Pipeline Profiles: Enbridge Norman Wells

Pipeline system and key points

Section updated June 2020

The Enbridge Norman Wells pipeline is owned by Enbridge Pipelines (NW) Inc. Norman Wells pipeline is an 868 kilometer pipeline commissioned in 1985 to transport crude oil from Imperial Oil’s facility in Norman Wells, Northwest Territories to Zama in northern Alberta, where it connects with the Alberta oil pipeline network. Pipeline shippers consist of Imperial Oil, as the anchor shipper, and other shippers on the last 29 km of the pipeline.

In November 2016, Enbridge shut down the Norman Wells Pipeline, also known as Line 21, as a preventive measure to investigate and address ground instability on the south slope of the Mackenzie River pipeline crossing near Ft. Simpson, Northwest Territories. In March 2017, Enbridge applied to the Board to replace a 2.5 kilometre section of the pipeline under the Mackenzie River, and to decommission the replaced section of the pipeline. The Canada Energy Regulator held a public hearing for the Line 21 Segment Replacement Project in late 2017. The pipeline was not operatingFootnote 1 from late 2017 to late 2018, but is back in service.

Official CER documents related to the construction, operation and maintenance of the Enbridge NW pipeline can be found here: Enbridge Pipelines (NW) regulatory documents [Folder 140186].

You can see the Enbridge Norman Wells Pipeline and all CER-regulated pipelines on the CER’s Interactive Pipeline Map. The map shows more detailed location information, the products carried by each pipeline, the operating status and more. You can also see a map on Enbridge’s website.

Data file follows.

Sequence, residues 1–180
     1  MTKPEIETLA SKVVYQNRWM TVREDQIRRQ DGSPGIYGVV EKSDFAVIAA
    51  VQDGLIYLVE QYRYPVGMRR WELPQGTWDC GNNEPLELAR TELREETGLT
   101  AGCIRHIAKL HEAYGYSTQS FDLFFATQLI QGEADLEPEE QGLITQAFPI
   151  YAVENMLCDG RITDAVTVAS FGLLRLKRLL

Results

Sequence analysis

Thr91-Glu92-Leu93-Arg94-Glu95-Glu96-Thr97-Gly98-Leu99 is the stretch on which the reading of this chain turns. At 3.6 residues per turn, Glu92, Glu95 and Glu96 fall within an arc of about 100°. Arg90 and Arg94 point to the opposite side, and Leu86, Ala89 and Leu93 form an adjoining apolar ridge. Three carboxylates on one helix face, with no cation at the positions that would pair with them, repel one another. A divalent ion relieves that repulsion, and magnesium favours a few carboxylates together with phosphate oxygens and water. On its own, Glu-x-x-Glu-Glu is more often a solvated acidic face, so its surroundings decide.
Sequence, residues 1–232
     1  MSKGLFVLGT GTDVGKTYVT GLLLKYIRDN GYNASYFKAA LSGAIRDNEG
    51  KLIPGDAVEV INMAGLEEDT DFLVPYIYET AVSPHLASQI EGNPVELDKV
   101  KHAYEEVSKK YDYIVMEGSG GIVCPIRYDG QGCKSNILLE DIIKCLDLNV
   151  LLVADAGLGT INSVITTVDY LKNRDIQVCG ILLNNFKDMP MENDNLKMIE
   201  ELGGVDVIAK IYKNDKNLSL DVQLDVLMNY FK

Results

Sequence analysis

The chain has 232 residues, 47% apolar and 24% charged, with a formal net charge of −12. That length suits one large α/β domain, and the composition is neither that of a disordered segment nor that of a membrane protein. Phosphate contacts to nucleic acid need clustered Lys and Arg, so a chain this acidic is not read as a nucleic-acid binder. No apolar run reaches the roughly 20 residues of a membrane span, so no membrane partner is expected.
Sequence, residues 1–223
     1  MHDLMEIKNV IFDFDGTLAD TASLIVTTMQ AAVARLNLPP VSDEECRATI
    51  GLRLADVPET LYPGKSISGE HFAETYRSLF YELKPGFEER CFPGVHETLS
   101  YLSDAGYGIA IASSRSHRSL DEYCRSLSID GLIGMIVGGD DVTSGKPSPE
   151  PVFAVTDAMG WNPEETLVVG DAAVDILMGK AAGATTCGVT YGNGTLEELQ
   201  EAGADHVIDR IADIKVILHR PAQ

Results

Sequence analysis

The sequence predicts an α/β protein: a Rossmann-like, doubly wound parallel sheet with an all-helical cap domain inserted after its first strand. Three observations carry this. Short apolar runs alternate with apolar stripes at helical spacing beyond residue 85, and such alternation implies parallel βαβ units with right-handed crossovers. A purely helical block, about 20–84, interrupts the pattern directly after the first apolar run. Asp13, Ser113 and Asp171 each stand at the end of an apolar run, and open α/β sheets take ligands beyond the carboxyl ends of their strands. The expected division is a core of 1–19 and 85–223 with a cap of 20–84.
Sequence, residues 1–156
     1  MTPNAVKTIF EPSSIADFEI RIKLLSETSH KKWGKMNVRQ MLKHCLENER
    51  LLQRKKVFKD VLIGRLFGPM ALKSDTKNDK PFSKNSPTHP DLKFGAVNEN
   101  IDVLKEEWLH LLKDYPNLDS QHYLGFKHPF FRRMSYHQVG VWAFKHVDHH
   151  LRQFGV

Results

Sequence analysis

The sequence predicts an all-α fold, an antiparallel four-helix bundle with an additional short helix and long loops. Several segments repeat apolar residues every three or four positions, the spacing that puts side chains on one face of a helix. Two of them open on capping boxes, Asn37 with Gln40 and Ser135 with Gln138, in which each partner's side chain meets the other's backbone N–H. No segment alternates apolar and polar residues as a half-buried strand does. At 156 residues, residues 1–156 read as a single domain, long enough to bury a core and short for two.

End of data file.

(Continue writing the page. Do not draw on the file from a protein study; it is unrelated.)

Norman Wells pipeline system map

Source: CER

Text version of this map

This map provides an overview of the Norman Wells Pipeline System.

Throughput and capacity

Section updated quarterly (early March, mid-May, mid-August and mid-November)

Note: The physical capacity of a pipeline is based on many factors such as the products being carried, direction of flow, pipeline pumping capacity, and maintenance work or other pressure restrictions. The actual physical capacity of the pipeline may, at times, be higher than the assumed operational capacity stated here.

Open data can be freely used and shared by anyone for any purpose. The data for these graphs are available.

Tolls

Section updated June 2020

A toll is the price charged by a pipeline company for transportation and other services. Tolls allow pipeline companies to safely operate and maintain pipelines. Tolls also provide funds for companies to recover capital (the money used to build the pipeline), pay debts, and provide a return to investors. The interactive graph below shows the tolls for key paths on the pipeline since 2007.

Open data can be freely used and shared by anyone for any purpose. The data for these graphs are available.

Tolls on the Norman Wells pipeline are regulated on a complaint basis, based on a cost of service methodology. The cost of service is calculated according to the Norman Wells Pipeline Amending Agreement approved by the National Energy Board in 1998. Year-end adjustments are based on the actual full cost of service and throughput for a specific year. Enbridge determines its allowable equity return using the formula from the National Energy Board's RH-2-94 decision. Significant toll increases are attributed to decreasing throughput and increased integrity spending.